Scheme set to combat problems of booze crime in Doncaster
Doncaster is set to be targeted by a scheme to cut the harmful effects of excessive drinking.
The borough has been chosen to take part in the second round of a Government project, launched this week, to tackle the issue.
Thirty three areas across England and Wales are being set up as Local Alcohol Action Areas (LAAAs) to combat drink-fuelled crime and disorder.
Each action area will receive support and expertise from the Home Office, the Department of Health, the Welsh Government, Public Health England and Public Health Wales.
The LAAAs areas will be put in touch with mentor areas that have successfully tackled the same issues faced by alcohol action areas.
Dr Rupert Suckling, Doncaster Council Director of Public Health, said: “Our two areas of focus will be the Safe Haven scheme and developing alternative approaches and care pathways for people who are dependent drinkers, who resist change.
“When our Safe Haven scheme has run in Doncaster Town Centre it has provided somewhere that revellers in town on a Saturday night can receive help and support, both medical and practical, to minimise the number of A&E attendances along with reducing the risk of people being left vulnerable to crime.”
Councillor Pat Knight, cabinet member for Public Health and Wellbeing said: “Doncaster Council and its partners are working together to tackle the issue of alcohol-related health problems. Being a Local Alcohol Action Area supports our ongoing work to help people understand alcohol, its misuse and the importance of prevention.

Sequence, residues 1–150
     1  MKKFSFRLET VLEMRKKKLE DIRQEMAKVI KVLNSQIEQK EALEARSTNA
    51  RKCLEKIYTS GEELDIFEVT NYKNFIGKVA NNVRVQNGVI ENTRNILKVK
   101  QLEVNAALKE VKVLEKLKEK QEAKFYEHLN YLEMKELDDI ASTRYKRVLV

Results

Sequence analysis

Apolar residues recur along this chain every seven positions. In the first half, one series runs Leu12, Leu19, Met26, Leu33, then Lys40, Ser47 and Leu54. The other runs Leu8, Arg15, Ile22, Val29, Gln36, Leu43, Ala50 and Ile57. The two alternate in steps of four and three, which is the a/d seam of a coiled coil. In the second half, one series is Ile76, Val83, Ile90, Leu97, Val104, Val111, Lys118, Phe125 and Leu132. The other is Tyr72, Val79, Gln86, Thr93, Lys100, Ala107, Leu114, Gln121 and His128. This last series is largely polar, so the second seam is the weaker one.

Through working closely with our partners and stakeholders, work is also being conducted on service provision, promotion and early identification, so we can help provide people with effective treatment and reduce the number of hospital admissions.”
It is the latest scheme to try to tackle the drink related problems.
Last month an initial Safe Haven project was run in Doncaster town centre to offer drinkers and party-goers support when they hurt themselves or to keep them safe when they had too much to drink.
The move was to help take pressure off of the local accident and emergency departments over the festive period.
The project ran in the run up to Christmas.
It was spearheaded by Doncaster’s Public Health Team, supported by a range of organisations including Rotherham Doncaster and South Humber NHS Foundation Trust (RDaSH), Doncaster’s Street Pastors, Doncaster Pub Watch, the police.
Local data shows that there were nearly 4,000 alcohol related accident and emergency attendances to Doncaster Royal Infirmary in 2015, an increase when compared to 2013 of 13 per cent.
Other action that has already been set up in the town centre is the setting up of a Cumulative Impact Zone which restricts the number of new bars that can be opened.